This is my rather last minute contribution for the #1936Club hosted by Karen at Kaggsy’s Bookish Ramblings (here) and Simon at Stuck in a Book (here).

Flowers for the Judge first published in 1936 is the seventh of the Albert Campion mysteries, but my first time reading one.

Our story is set around a family-run publishing firm, Barnabas Limited. As the book opens, we are told of a strange occurrence in 1911, when Tom Barnabas, one of the founder’s grandsons left home to head to the office and somewhere along the way simply disappeared, never to be seen again. In the present, twenty years later, Barnabas Limited is run by three cousins as partners, John Widdowson, Paul Brande, and Mike Wedgwood, all sons of the founder, Jacoby Barnabas’ daughters. Jacoby’s one surviving son, Sir Alexander is a KC with no interest in the business. Tom’s brother Ritchie is part of the firm but only as a reader, and no one thinks much of him or his abilities-viewing him with a sort of pity.

We find Gina, Paul’s wife, Mike and John at a weekly gathering on a Sunday in Gina (and Paul)’s home (the cousins live on different floors of the same building) where we learn that Paul has not been seen since Thursday. While Paul taking off like this is not unusual, this time around he has been away much too long. Campion, who is a friend of Mike, has also been invited and is asked to look into the matter. But before he can really do anything, the very next morning he is woken by the company’s long-time secretary, Miss Curley (who was also present at the gathering) who tells him Paul’s body has been found. And that too, in the office ‘strong room’ in its basement, a room that Mike had visited the previous evening to fetch some papers. Not only that Gina and Paul did not have a particularly good relationship (Paul was entirely self-absorbed and the two were living separate lives), and Mike is very obviously is in love with Gina. Soon it turns out that there is a lot of circumstantial evidence against Mike from his having a very weak alibi to his car being involved in the crime (no Paul was not run over). He is arrested and put to trial. But Ritchie and Campion are sure that Mike is innocent and Campion sets out to solve the case.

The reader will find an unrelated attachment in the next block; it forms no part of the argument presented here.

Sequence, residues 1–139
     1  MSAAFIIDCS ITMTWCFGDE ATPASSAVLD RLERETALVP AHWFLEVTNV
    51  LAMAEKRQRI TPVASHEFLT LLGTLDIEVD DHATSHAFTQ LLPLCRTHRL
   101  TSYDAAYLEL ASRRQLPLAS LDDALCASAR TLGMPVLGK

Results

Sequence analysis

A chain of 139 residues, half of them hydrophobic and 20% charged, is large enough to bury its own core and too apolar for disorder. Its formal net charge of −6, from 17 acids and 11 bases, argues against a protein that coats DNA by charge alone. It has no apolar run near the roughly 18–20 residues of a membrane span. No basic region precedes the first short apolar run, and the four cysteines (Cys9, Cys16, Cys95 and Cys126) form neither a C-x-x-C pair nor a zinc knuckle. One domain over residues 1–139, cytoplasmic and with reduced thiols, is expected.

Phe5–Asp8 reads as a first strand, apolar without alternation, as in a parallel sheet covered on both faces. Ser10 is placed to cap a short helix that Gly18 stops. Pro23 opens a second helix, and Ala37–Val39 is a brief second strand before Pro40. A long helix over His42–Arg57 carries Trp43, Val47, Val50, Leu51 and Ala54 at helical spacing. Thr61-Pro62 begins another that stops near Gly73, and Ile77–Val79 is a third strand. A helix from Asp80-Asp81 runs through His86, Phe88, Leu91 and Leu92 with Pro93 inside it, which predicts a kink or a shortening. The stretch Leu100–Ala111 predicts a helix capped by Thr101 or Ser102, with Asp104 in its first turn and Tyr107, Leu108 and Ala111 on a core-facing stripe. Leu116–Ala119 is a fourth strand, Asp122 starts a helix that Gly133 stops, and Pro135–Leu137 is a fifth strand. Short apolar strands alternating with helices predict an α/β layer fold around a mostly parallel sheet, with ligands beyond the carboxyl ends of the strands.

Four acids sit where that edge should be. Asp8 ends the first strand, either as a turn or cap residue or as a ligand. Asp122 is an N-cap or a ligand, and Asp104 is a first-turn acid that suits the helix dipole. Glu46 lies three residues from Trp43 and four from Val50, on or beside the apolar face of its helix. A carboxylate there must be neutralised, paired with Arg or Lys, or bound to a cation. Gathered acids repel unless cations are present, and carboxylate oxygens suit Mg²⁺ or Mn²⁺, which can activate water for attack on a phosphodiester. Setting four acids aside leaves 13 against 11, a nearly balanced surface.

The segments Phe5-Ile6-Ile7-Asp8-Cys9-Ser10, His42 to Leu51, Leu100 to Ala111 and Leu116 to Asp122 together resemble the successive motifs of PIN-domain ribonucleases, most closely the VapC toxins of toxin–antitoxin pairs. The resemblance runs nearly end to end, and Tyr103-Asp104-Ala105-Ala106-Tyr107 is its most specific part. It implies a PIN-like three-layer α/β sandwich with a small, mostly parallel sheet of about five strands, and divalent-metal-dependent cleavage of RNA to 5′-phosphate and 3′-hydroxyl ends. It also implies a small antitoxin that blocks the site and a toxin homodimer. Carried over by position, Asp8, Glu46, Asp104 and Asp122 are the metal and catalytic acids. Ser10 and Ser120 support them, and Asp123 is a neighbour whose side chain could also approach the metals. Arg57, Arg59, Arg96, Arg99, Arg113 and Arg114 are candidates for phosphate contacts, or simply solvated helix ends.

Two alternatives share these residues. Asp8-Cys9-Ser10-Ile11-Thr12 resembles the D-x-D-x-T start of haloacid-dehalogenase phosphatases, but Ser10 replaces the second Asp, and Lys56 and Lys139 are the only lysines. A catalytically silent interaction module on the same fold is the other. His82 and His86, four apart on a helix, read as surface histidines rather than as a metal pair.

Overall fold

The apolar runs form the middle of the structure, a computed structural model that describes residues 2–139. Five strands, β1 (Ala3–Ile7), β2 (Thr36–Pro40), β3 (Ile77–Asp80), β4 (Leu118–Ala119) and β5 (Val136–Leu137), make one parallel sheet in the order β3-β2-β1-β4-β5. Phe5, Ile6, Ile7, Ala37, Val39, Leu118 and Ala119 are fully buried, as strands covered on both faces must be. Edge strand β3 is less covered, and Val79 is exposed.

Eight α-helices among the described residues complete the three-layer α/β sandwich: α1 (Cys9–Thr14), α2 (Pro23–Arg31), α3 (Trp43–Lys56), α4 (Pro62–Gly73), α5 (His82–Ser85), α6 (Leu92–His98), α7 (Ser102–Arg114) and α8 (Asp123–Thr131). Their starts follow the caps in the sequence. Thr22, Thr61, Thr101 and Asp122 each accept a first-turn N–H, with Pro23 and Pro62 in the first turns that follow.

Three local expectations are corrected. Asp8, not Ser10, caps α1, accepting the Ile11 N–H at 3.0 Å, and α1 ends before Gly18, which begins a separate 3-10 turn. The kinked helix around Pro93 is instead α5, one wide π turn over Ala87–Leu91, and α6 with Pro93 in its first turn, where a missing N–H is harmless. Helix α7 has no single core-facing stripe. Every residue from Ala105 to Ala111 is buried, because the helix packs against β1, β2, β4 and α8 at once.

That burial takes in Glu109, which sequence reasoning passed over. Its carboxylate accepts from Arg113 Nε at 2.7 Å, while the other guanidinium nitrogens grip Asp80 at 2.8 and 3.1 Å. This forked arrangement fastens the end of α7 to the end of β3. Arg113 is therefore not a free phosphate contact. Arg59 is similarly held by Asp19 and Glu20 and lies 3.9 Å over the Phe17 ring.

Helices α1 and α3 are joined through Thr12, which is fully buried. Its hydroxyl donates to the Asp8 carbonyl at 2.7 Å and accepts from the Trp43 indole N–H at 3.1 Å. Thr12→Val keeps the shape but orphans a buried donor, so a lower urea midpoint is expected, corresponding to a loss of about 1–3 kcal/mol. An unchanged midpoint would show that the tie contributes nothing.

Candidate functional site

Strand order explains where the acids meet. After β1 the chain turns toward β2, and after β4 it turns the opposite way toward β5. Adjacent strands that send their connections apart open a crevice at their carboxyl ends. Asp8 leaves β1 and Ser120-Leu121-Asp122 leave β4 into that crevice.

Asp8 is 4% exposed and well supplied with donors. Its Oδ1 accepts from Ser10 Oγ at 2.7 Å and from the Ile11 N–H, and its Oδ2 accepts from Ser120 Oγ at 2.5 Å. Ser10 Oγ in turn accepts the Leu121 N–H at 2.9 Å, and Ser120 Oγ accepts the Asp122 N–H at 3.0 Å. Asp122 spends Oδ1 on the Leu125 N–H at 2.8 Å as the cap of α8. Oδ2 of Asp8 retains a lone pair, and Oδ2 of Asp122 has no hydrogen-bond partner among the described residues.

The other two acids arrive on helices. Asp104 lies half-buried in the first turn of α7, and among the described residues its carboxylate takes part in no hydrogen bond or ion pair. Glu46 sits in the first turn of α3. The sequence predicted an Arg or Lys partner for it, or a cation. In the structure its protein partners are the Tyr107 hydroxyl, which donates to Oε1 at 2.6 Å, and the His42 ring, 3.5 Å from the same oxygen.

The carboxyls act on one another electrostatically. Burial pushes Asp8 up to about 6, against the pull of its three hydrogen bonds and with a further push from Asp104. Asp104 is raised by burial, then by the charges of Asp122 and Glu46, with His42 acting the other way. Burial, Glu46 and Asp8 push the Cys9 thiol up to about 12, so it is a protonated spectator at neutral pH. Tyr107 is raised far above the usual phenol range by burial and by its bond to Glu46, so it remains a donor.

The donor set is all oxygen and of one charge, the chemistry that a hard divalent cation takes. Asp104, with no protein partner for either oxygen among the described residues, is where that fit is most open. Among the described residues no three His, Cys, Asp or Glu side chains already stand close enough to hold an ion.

Paul, like the typical murder victim was a fairly obnoxious and unlikeable person, but there doesn’t at first appear to be any one that could have had a strong enough motive (besides Mike, that is). But as Campion begins to look into things, links and clues begin to emerge. Alongside, Mike’s trial proceeds, every sentence of the prosecutor seeming to condemn him. Can Campion solve it in time?